Tuesday, 26 August 2008

Lynd Ward

One of the most intriguing books I have recently read is Graphic Witness, a collection of four wordless graphic novels edited by George A. Walker. I bought it because I knew and love the work of Frans Masereel, one of the featured artists. I'll have to post about him later. An artist that was new to me is Lynd Ward.

Ward produced a number of wordless graphic novels, made up of a series of striking woodcuts in a sort of Expressionistic/Gothic/Art Deco style. Three of these have been recently republished in attractive, easily affordable editions by Dover, while another, Vertigo, seems to be out of print. A fifth, Song Without Words, I could not find a cover for.

Ward is probably best known, at least in his native US, for The Silver Pony, a children's book he wrote and illustrated.

He also did the covers (and illustrations) for a number of other children's books.

In addition, he has done covers and interior illustrations for a number of classic novels as well. The cover one without a title below is Richard Hughes' A High Wind in Jamaica. Of the Frankenstein, more to follow...

I found a couple of other books with his work on the covers.

Here are some of the marvellous interior illustrations for Mary Shelley's Frankenstein.

Here are some of the pages from Gods' Man...

..from Mad Man's Drum...

..and from Song Without Words.

And here's an illustration for an edition of Beowulf that I can't trace.

Much more Ward can be found here, here and here (the last of which leads you to all of the Frankenstein illustrations--beware, though, that it also belongs to a mildly mad chap determined to prove that Percy Shelley wrote Frankenstein, rather than it being the work of Mary Shelley).

UPDATE: Will of A Journey Round My Skull has got his hands on a copy of the Beowulf (see comments), and has reproduced the beautiful artwork from it here. Go and look and marvel!


PIGNOUF said...

Beau travail, superbe série...
A bientôt...:)

JRSM said...

My pleasure!

Ricky Grove said...

I've always loved Lynd Ward. Your post on him is wonderful. So pleased to see editions of his works coming back into print. At the bookstore where I work we have "Storyteller Without Words: The Wood Engravings of Lynd Ward" which has a lot of biographical information as well as superb illustrations.

I've just discovered your blog. Book covers and illustrations are a subject after my own heart. Thanks!

JRSM said...

So glad you stumbled upon my blog, Mr Grove! I'm going to have to get that book on Ward--his work is fascinating, and I'd love to see more of it.

Will said...

Excellent, thanks for the introduction to Ward.

Can't wait for the Walser post you hinted at!

JRSM said...

Thank you. The Walser post is coming--it's just that I've got a few days off work, and I've currently left the folder of Walser cover images on my work PC, rather than emailing it home to myself. Soon!

Will said...
This comment has been removed by the author.
Will said...

I stumbled upon Ward's Beowulf this weekend, and of course I had to post his incredible illustrations immediately.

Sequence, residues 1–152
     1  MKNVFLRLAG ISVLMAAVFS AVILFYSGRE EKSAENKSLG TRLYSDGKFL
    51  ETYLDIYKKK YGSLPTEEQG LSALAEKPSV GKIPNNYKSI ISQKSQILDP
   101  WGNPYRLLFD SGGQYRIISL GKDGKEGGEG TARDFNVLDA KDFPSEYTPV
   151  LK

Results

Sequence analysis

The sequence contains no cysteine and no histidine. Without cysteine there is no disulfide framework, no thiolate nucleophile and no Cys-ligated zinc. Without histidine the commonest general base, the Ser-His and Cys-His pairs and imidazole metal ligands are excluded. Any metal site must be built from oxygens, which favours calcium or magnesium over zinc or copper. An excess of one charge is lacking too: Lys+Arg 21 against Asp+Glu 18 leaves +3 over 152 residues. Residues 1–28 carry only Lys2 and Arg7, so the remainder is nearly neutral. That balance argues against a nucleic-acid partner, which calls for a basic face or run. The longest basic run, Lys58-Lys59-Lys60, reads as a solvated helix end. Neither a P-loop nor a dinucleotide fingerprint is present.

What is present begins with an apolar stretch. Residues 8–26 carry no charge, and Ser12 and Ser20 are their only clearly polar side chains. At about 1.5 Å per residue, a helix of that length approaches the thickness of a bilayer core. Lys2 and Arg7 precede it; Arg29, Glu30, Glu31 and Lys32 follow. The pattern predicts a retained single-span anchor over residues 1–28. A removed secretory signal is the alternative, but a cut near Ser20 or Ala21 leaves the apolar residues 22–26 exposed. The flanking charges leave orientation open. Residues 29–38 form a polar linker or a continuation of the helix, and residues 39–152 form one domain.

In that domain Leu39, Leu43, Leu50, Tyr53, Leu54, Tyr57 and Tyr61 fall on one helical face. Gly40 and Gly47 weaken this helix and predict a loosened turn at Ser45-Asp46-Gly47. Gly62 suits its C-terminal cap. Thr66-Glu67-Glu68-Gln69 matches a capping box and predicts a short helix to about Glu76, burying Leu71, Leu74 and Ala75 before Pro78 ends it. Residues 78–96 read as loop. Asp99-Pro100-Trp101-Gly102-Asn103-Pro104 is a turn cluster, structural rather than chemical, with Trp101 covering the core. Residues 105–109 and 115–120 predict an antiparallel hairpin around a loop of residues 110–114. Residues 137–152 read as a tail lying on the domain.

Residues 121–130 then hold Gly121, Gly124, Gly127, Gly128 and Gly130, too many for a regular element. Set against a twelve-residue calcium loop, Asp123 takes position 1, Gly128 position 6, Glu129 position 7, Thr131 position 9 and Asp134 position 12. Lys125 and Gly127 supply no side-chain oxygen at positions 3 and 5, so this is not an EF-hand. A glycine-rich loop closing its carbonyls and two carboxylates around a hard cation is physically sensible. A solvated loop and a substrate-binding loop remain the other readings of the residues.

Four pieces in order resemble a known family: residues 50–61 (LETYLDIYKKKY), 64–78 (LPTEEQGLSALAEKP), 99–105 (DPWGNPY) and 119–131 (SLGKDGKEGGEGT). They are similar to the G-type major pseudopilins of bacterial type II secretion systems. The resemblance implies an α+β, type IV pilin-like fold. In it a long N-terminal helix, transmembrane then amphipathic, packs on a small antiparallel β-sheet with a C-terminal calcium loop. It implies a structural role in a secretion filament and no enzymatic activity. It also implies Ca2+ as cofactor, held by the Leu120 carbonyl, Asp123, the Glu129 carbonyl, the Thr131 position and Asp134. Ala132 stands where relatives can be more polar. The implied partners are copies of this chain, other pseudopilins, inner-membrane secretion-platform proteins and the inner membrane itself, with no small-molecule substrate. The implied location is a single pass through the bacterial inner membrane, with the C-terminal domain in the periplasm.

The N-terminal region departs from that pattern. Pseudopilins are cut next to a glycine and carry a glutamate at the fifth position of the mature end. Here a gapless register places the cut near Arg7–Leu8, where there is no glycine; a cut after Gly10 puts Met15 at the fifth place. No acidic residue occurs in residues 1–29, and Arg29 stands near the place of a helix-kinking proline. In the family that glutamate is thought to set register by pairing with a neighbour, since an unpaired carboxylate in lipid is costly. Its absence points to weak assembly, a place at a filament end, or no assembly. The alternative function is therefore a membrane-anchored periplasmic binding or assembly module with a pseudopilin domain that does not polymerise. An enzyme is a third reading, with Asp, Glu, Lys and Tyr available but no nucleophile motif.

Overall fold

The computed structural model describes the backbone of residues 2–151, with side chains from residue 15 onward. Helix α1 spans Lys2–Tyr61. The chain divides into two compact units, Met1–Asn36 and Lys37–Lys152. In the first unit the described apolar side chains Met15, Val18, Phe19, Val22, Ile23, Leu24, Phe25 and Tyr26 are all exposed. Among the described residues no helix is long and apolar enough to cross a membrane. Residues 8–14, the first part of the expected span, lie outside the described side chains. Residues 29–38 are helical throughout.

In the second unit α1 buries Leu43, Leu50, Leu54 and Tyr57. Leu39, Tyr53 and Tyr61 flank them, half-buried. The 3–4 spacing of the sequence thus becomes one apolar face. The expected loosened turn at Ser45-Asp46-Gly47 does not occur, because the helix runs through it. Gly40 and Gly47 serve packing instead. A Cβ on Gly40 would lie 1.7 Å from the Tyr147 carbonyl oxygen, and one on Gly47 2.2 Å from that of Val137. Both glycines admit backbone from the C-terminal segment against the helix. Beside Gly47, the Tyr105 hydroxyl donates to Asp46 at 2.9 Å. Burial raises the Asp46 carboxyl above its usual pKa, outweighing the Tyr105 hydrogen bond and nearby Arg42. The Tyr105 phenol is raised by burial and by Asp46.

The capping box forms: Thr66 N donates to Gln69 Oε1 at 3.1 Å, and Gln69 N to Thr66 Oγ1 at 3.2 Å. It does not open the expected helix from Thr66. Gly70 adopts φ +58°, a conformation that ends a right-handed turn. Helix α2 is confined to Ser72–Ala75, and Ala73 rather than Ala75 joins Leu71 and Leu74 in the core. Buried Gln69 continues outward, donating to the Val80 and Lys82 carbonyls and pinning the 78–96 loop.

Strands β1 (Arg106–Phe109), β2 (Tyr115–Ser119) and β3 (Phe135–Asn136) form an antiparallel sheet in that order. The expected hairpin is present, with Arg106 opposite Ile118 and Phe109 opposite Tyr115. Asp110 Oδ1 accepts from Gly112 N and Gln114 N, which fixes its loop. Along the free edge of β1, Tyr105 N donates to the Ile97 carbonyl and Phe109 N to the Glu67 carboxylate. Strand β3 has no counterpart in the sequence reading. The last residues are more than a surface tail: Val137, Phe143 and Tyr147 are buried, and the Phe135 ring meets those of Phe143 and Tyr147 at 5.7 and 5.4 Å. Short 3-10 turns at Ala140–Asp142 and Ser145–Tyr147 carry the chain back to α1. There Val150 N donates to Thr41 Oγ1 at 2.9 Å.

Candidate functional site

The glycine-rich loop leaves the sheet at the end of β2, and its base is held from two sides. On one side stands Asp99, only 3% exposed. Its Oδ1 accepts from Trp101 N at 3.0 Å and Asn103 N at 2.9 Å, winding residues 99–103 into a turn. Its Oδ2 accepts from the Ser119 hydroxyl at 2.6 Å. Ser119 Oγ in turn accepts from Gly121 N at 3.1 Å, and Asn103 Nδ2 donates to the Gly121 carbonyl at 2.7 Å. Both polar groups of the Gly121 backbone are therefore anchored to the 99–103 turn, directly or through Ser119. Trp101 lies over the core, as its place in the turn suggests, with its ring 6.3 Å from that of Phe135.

Thanks again for the intro. Now I need to pick up the rest of those Dover graphic novels.

JRSM said...

I'll link to your post in this one, Will: they're amazing pictures.

Marc said...

Related publication to the Graphic Witness collection is Wordless Books from Abrams, edited by Berona. Covers a few more artists, though without complete book reproductions: more of a sampler, but nicely produced.

JRSM said...

Right, 'Wordless Books' is on the to-buy list! Thanks for bringing it to my attention.

Craig D. said...

Speaking of Frankenstein and Beowulf, it's difficult to find good covers for those, since publishers apparently believe that it's against the law for classic literature to have good cover artwork. The cover of the Seamus Heaney translation of Beowulf, for example, is a total bore:


There's a recent Signet paperback, however, that has a good cover:


As for Frankenstein, Penguin Classics recently knocked it out of the park with a great cover by Daniel Clowes. Here's a link to a blog article about it with pictures included:


JRSM said...

I love that Clowes cover--I had to upgrade to it, since it made my old edition look like crap. But I'd never seen that Beowulf cover, and I really like it. I wonder who it's by?

Craig D. said...

I own a copy, and while there's no artist credited on the copyright page, the back cover says, "Cover art by HAVOC Media Design." Searching their website, all I found was this page with a larger image of the cover:


Beowulf himself in that artwork reminds me a bit of the style that Frank Miller has been using ever since he lost his sanity, only more disciplined. I think it's an amazingly good cover for a $5 paperback.

My current Frankenstein paperback has this cover:


Nothing great, nothing terrible. It conforms perfectly to the "classic literature cannot have interesting cover art" rule. Here's the cover I had years ago, from TOR Books:


Perhaps it's due to nostalgia, but I still like that one. I also liked their cover for Dracula: